Veronica Dav…, Other/Just Looking in Pittsburgh, PA

The roof collapsed and it was never disclosed on the home disclosure papers.

Asked by Veronica Davis, Pittsburgh, PA Wed Mar 25, 2009

My husband and I moved into our new home last March of 2008. About a month later a neighbor informed us that the roof had collapsed back in 2003 but this information was never on the home discloser. We then started having the roof leak in our dining room and master bath. Before we purchased the home we had asked the previous home owner about the roof and she said that she never had any problems - obviously a lie. Unfortunatly, we did not get a home inspection. Now, we need a new roof - this will probably cost us over $25,000.00. Do we have a case since the previous owner obviously failed to put on the discloser that the roof collapsed 5 years earlier? We are ready to take her to court over this. If we would have known the roof collapsed we would have had a home inspection and either fought to have her lower the price or moved on to the next house.

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Gita Bantwal, Agent, Jamison, PA
Tue Apr 7, 2009
I agree with the others. get an attorney .
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Bill Eckler, Agent, Venice, FL
Fri Mar 27, 2009

We are sorry about this unfortunate experience. Providing accurate information on a sinerio such as yours is most difficult because of the lack of information. We are certain there is more to this that a real estate attorney would be able to reflect on with complete and accurate information.

Our recommendation is if you feel you were takeen advantage of seek an attorney for their review of the situation and possible recommendations.

Good luck
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Jeff K, Home Buyer, Bristol, PA
Thu Mar 26, 2009
Hi Veronica,

Get a lawyer straight-away. It sounds like you may have a good case.
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Erica Ramus,…, Agent, Pottsville, PA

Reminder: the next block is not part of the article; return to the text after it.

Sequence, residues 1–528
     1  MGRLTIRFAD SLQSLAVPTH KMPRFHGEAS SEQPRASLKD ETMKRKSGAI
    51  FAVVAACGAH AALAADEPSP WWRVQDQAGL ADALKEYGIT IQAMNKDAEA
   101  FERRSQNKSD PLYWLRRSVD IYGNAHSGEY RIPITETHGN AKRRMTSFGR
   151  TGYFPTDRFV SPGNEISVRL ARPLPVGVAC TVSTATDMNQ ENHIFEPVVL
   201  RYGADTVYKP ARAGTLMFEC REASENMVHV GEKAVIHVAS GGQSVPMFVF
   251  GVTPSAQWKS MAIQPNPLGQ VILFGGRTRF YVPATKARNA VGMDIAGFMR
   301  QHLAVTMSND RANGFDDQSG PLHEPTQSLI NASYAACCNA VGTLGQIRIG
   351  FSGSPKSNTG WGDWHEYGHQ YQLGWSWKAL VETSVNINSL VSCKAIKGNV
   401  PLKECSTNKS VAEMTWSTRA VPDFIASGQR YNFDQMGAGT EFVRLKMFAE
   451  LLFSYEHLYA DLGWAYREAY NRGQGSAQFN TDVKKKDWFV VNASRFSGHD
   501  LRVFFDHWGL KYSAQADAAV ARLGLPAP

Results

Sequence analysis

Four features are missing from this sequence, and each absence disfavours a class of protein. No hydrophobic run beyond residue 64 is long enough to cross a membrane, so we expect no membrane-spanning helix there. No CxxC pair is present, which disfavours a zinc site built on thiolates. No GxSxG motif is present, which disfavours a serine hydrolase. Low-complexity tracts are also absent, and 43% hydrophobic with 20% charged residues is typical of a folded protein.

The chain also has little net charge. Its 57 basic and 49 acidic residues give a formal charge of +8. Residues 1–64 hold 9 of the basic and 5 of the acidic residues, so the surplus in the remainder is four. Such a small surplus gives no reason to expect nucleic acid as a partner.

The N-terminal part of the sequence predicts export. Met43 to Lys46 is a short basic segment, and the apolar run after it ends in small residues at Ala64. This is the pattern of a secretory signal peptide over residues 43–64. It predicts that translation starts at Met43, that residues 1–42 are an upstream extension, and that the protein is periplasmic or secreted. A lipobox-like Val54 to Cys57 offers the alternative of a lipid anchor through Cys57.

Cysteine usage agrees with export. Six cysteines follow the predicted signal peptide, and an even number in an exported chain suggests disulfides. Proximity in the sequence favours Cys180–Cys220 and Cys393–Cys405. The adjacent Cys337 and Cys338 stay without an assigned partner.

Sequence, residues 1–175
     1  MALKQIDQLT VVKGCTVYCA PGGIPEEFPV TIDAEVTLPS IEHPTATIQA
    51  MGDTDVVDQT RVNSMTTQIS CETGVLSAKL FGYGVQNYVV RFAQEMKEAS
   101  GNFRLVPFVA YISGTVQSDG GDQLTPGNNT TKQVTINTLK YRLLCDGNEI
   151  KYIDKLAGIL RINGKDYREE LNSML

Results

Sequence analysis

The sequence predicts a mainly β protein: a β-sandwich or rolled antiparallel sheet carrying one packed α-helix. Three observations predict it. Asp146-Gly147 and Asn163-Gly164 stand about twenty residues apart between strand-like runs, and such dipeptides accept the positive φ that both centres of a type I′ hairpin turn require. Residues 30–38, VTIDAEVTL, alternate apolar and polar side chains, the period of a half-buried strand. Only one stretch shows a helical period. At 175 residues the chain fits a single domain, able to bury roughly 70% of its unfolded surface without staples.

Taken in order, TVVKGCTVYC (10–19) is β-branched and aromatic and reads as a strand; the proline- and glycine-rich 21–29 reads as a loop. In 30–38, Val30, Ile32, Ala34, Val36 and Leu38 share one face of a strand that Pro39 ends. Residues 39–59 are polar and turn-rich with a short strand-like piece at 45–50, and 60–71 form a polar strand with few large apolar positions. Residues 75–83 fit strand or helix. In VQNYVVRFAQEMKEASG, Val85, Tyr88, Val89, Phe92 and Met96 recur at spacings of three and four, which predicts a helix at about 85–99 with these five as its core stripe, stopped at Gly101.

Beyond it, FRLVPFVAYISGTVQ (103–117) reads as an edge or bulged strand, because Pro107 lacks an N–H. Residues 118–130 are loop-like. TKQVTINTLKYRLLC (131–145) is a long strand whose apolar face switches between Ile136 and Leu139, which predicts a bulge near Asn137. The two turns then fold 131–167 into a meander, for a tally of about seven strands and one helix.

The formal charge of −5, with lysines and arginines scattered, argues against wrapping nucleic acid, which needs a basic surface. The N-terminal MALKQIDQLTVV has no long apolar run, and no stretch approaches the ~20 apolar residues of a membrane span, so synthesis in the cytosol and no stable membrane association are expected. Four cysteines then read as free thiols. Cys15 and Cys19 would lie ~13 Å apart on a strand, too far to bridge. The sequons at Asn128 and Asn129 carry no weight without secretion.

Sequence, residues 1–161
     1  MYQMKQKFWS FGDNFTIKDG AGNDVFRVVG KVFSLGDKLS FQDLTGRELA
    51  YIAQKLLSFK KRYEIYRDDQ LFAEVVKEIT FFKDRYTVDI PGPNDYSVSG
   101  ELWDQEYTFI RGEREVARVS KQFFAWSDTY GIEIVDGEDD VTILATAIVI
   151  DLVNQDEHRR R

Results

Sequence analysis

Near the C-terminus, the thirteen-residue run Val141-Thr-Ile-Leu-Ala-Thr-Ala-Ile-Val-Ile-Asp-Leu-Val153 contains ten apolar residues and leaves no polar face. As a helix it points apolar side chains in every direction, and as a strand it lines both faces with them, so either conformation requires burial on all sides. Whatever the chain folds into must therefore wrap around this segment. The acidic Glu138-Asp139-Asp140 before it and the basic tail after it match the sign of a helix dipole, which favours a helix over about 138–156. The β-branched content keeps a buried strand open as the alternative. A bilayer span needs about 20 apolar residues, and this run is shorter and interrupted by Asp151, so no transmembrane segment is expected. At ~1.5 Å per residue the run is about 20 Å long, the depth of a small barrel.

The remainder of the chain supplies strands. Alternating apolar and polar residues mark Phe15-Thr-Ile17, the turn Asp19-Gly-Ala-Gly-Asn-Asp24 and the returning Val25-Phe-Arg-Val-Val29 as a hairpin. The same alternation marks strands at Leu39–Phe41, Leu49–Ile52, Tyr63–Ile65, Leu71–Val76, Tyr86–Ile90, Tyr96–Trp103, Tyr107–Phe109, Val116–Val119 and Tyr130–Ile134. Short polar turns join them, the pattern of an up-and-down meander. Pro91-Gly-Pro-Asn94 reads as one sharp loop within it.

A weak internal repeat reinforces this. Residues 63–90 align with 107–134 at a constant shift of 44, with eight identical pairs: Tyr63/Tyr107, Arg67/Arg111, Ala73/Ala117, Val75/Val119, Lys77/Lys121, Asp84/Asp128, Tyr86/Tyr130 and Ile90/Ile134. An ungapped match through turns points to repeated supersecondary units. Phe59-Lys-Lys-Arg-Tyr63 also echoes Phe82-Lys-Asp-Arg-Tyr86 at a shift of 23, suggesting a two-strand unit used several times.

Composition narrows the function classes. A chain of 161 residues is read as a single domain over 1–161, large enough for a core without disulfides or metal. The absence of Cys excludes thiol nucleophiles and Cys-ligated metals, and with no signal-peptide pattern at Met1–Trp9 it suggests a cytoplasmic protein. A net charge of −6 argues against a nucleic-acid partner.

Wed Mar 25, 2009
You need an attorney. Pull together all your paperwork from the home sale, including your sales agreement and the seller's disclosure, and call a local attorney who specializes in real estate matters.
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Brian Teyssi…, Agent, Pittsburgh, PA
Wed Mar 25, 2009
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Jeffrey Benn…, Agent, Pittsburgh, PA
Wed Mar 25, 2009
You may have a case, but not getting a home inspection weakens it. The home inspector could probably have told you how old the roof was, and whether it needed repair. (Note that I can't give legal advice; consult a real estate attorney for advice on your specific case!)

The Seller Disclosure is very specific. 3a asks the date the roof was installed; 3b asks directly if it was replaced or repaired during their ownership. If they checked "No" to this on the disclosure, and you can prove they repaired it in '03, you would have a strong case.

The trouble would be proving it! Since the roof is leaking again, it obviously wasn't repaired very well. Does the neighbor remember if they hired someone? Usually roofers and other contractors put a sign in the lawn while they're working. Perhaps she remembers who did the work.

It is also possible they did the work themselves (explaining the shoddy workmanship). If they did the repairs themselves, and deny it, perhaps you can get a roofer to inspect it now and testify as to what he thinks happened. (Sound like you need a roofer anyway.)

Be sure to take lots of pictures of the roof before you fix anything, and keep good records. Write down what the neighbor said. Ask if the neighbor is willing to testify in court, since that's what might eventually need to happen.

You might also run a CLUE report to see if they made any claims on their homeowner's insurance. If your insurance rates aren't high, perhaps they never reported it. Good luck!

(And *always* do a home inspection!)
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Loren Green, Other Pro, Buckeye, AZ
Wed Mar 25, 2009
I know hindsight is 20/20, but this is a clasic example of why a home inspection should be done every time.
I recommend getting a CLUE report on the house from your insurance agent. A CLUE report will tell you if any insurance claims have been filed on the house. Perhaps that may lead to a paper trail of the roof colapse. If it was repaired by a contractor then maybe there is some liability there. Unless you can find a paper trail to prove the roof collapsed, you will have to rely on eye witness reports. My guess is that since there is $25,000 worth of damages then the homeowner patched it themselves and there is no paperwork. It sounds like you have a good case, but can you prove it. I am not a lawyer nor do I play one on TV.

Loren Green
GreensHome Design L.L.C.
Home Design & Home Inspections
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